In general, urban planners develop plans to grow, revitalize or build communities. They also review proposals from developers, manage environmental issues, solve economic problems and establish programs that could attract new businesses to the area. For the most part, regional planners -- as they’re sometimes called -- enter the field with a master’s degree in urban planning. In an urban planning program students learn how to identify, analyze and inevitably solve the issues facing most communities.
Plan on High Salaries
In 2012, urban planners earned an average of $67,950 a year, according to the Bureau of Labor Statistics. Of the top 10 percent, salaries often exceeded $97,630, while salaries for the bottom 10 percent were less than $41,490 annually. Logic would tell you that starting salaries came in at the low end of this range, and that’s not far from the truth. A survey by the American Planning Association found that planners with fewer than three years of experience earned anywhere from $40,000 to $50,000 as of 2012.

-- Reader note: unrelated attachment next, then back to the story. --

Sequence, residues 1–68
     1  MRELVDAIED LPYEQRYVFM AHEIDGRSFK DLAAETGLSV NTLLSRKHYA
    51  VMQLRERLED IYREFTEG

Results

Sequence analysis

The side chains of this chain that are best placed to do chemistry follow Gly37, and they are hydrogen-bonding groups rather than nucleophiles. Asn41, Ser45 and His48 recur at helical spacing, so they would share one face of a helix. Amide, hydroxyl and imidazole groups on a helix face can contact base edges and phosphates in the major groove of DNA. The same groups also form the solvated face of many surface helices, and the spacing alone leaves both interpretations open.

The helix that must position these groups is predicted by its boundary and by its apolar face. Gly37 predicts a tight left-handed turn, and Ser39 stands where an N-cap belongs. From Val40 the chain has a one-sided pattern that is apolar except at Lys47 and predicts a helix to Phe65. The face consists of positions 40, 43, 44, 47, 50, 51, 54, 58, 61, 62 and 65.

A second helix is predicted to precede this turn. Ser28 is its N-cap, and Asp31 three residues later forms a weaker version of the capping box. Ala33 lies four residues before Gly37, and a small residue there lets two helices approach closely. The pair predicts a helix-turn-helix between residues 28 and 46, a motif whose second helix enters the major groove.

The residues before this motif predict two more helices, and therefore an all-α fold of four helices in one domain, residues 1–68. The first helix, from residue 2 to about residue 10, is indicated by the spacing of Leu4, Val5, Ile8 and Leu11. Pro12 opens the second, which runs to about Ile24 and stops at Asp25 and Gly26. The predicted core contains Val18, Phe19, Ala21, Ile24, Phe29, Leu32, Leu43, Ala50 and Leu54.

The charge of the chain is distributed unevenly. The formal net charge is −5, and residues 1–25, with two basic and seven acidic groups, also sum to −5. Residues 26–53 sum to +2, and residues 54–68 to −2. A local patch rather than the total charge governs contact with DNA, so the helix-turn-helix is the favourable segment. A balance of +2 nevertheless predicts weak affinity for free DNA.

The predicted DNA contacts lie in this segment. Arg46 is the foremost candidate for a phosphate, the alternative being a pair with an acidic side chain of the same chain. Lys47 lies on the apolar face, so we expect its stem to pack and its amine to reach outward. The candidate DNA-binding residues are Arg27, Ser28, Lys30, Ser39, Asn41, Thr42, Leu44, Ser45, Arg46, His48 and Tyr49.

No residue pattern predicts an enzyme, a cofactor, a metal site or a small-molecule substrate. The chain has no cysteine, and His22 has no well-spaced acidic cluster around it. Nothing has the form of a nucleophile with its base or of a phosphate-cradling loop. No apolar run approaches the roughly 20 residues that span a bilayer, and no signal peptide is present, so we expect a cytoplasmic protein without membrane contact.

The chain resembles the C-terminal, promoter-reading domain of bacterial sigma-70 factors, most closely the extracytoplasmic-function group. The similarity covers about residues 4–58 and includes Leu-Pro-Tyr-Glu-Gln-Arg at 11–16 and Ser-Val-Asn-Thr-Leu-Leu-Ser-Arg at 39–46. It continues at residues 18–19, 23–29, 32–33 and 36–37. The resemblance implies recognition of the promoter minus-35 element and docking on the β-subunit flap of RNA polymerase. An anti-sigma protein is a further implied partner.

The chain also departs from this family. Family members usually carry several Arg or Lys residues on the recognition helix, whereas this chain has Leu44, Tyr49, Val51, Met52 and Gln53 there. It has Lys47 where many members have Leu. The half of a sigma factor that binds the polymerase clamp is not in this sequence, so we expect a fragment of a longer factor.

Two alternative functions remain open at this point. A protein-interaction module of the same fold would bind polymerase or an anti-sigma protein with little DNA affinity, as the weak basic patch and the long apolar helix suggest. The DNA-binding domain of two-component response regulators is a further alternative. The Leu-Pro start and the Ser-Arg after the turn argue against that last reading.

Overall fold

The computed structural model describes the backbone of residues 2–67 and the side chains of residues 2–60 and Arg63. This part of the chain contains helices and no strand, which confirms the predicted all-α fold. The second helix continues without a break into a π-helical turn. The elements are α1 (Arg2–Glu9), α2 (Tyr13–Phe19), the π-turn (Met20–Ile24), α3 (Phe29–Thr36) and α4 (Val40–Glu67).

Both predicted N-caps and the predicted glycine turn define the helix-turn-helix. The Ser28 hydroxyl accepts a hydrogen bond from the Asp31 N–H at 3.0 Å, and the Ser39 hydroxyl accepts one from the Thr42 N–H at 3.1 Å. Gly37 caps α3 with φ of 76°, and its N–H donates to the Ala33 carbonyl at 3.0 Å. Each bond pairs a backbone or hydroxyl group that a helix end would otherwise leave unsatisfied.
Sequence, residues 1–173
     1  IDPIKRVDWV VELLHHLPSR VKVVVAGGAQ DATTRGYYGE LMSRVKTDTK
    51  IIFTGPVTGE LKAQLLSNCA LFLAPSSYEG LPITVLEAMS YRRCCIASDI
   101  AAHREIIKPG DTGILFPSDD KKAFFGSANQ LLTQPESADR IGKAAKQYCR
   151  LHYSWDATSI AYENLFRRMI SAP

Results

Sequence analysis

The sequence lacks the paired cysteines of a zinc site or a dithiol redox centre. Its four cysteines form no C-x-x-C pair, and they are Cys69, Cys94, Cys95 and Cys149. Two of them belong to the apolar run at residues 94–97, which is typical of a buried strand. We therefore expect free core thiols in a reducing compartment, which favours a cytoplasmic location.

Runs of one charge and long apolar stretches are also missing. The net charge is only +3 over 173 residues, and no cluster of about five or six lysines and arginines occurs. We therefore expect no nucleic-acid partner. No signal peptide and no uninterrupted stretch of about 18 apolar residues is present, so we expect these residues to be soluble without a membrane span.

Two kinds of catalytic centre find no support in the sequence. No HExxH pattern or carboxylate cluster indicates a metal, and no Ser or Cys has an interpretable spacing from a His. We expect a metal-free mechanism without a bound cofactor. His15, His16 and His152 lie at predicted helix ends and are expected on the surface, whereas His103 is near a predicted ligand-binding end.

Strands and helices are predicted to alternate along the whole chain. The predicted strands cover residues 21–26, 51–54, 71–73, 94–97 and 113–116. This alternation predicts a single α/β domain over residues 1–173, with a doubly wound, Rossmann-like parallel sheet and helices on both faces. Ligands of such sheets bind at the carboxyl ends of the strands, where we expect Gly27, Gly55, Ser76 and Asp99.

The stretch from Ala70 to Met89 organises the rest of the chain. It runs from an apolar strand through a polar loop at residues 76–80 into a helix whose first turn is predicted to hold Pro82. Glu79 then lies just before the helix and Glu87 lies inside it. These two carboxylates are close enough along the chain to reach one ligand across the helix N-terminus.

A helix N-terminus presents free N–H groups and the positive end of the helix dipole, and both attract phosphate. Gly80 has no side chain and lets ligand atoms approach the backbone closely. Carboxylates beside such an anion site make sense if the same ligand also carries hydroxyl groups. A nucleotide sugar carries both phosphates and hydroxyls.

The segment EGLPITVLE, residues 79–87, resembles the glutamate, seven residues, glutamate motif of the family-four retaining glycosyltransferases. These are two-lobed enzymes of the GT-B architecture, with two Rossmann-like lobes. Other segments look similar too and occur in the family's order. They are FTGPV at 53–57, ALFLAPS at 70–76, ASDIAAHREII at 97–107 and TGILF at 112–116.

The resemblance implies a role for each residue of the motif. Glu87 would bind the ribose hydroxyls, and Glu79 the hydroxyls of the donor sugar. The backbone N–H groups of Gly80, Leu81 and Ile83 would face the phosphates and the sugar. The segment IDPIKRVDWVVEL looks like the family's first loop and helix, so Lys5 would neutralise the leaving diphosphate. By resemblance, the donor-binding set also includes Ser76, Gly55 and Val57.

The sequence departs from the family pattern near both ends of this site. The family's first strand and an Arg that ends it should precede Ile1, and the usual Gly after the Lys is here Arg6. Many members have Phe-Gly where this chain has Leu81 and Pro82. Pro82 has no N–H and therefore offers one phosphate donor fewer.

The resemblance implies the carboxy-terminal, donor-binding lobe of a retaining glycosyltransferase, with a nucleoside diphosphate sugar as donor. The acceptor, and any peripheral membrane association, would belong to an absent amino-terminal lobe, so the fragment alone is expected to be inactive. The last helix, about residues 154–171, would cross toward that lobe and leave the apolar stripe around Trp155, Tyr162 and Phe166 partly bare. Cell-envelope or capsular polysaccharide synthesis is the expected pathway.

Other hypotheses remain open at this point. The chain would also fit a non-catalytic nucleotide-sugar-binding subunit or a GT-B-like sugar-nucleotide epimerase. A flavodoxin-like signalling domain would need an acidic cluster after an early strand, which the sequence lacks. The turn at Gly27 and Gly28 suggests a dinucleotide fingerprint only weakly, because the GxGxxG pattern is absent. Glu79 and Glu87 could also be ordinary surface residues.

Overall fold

Locating the Earning Potential
Though information is limited on how location affects starting salaries, the BLS does break down earnings by geographic area. Of the states, urban planners in the District of Columbia earned the highest salaries, at an average of $102,190 a year. Those in California were a distant second, averaging $80,750, while urban planners in Nevada ranked third, bringing home $79,950 annually. The lowest reported wages were found in Kentucky, where the average salary was $47,120 a year.
Gender Affects Planner Pay
As with many occupations, men outearn women in the field of urban planning. On average, women made 88 cents to every male dollar, reports the APA. But this didn’t hold true at the start of a planner’s career. With fewer than five years of experience, women averaged more money than men -- though both averaged around $50,000.
Bright Future Ahead
The BLS expects employment for urban planners to grow by as much as 16 percent from 2010 to 2020. This is just slightly faster than the national average for all U.S. occupations, a projected 14 percent. Being a relatively small field, however, the 16 percent growth works out to just 6,500 new jobs over the course of a decade. Expect the best job prospects for planners willing to relocate.